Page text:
Michigan’s lame-duck legislative sessions are problematic on a number of levels, so it’s usually safer to keep the agenda as limited as possible. There is some unfinished business lawmakers should tackle before the session ends next month, but that’s where they should stop.
We have several concerns about lame-duck law making. For one thing, the brief, post-election policy-making period allows legislators who have been voted out of office to continue to have an impact on the direction of the state, without accountability for their votes. And those who are either voted out or term-limited by law and are looking for a job, may act in the interest of a potential new employer rather than for their constituents.
At the same time, those couple of weeks before this legislative session adjourns for good presents an opportunity to resolve some issues that have been thoroughly debated and studied, and if not settled would have to be started from scratch when the new Legislature convenes.
Put the energy bills at the top of that list.
The Senate has passed two bills that would provide clear direction for Michigan’s energy future. Both are the product of considerable deliberation and compromise, and it has been an arduous process to bring them this far.
Together, they set reasonable goals for power generation and environmental protection, and are very likely to be signed should they reach the governor’s desk.
But before they can get there, they have to be passed by the House, which is being lobbied hard by smaller power companies to protect the current standards for consumer choice. Some lawmakers are pushing to wait to see what the new Trump administration will do on energy before committing Michigan to a plan.
As we’ve said in previous editorials, Michigan must act now to assure it has an adequate supply of power to keep the state’s economy healthy and growing. The House should pass these bills.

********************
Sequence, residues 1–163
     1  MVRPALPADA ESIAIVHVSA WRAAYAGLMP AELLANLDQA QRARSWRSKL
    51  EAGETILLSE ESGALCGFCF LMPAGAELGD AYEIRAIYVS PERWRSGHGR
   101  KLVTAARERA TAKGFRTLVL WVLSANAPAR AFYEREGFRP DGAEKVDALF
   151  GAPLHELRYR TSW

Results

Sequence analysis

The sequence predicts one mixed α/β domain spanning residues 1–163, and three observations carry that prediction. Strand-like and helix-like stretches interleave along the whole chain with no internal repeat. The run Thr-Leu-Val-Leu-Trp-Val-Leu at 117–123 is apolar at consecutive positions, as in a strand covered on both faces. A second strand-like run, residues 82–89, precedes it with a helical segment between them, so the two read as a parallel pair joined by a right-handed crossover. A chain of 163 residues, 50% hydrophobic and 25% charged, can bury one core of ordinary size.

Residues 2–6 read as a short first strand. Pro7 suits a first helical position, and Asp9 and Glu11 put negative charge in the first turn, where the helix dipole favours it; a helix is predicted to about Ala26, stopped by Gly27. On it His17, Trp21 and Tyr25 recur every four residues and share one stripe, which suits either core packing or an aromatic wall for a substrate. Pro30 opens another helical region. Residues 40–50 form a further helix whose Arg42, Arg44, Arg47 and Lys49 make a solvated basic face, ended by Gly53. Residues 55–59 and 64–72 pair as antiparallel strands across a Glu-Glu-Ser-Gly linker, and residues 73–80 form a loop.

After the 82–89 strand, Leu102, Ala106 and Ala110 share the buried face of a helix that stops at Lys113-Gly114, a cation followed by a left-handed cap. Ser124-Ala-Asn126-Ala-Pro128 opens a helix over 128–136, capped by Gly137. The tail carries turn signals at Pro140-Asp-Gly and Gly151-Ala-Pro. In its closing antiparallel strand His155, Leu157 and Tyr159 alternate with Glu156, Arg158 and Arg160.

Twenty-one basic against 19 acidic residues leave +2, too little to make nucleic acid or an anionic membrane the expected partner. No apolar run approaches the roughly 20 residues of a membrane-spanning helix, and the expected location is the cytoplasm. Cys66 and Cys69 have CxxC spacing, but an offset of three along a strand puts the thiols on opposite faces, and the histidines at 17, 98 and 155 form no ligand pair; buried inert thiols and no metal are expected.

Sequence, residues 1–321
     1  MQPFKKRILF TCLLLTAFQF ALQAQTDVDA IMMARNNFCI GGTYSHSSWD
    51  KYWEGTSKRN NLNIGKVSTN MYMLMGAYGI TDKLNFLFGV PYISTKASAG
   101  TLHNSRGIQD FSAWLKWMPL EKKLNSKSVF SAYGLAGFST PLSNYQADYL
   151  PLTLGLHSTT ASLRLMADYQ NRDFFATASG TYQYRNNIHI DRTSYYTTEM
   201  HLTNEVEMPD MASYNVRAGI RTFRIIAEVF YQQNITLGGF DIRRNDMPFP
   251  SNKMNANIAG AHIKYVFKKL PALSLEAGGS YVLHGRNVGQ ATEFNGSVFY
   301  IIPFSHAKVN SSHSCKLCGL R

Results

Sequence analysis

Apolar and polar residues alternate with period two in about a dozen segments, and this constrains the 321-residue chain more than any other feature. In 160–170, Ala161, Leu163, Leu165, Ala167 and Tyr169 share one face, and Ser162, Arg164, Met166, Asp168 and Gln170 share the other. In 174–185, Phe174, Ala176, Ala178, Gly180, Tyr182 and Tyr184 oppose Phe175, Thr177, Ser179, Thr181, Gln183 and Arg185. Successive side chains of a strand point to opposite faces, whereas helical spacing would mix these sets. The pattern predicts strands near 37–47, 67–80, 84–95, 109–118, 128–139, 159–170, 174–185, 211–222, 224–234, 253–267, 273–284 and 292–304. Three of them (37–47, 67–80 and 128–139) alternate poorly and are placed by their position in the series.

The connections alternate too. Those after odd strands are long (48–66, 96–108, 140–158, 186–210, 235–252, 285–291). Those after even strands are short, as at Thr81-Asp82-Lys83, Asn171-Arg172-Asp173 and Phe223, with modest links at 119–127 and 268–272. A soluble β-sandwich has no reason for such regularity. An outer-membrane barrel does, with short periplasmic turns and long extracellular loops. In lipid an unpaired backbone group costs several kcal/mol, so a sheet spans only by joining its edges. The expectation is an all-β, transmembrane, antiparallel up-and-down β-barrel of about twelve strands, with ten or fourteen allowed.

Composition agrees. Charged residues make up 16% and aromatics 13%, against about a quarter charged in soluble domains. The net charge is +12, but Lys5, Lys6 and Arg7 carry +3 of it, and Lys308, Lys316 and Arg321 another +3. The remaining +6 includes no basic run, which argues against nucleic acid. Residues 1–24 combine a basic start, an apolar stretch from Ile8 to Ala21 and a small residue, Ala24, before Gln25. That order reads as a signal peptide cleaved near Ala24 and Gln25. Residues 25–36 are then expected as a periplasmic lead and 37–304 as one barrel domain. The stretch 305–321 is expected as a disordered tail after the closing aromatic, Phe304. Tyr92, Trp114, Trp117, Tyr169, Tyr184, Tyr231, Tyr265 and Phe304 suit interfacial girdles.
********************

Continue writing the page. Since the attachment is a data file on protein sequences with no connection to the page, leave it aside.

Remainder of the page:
Beyond that, another issue likely to come up in lame duck is the city of Detroit’s push to force suburban employers to collect the city’s income tax.
The city’s concern is understandable: too few of its residents who work outside Detroit are voluntarily paying the income tax.
One bill is Detroit specific; a second one would require employers to collect taxes for all 22 communities in the state with an income tax.
This is a sizable and unfair burden on employers, particularly those smaller businesses that don’t use a sophisticated payroll system. It would add cost and paperwork, and would likely discourage them from hiring employees who live in income tax communities.
A better solution would be to have the state collect those taxes on behalf of those communities as part of the state tax levy.
Some lawmakers are pushing for comprehensive public employee pension reform during the lame duck.
That’s too big a fish to fry. Very little preparatory work has been done on the legislation.
And the solution must be multi-layered, since it would affect so many different pension plans, with varying levels of financial distress, or no distress.
While it is an essential issue to tackle, it is too complex to be resolved well in just a few days and would be better left for January.
There is less urgency for the GOP-controlled Legislature to rush through a laundry list of bills this year, since it retains its majorities in the new Legislature. Better to do the essential business and go home. This is one year in which few would begrudge them an early holiday break.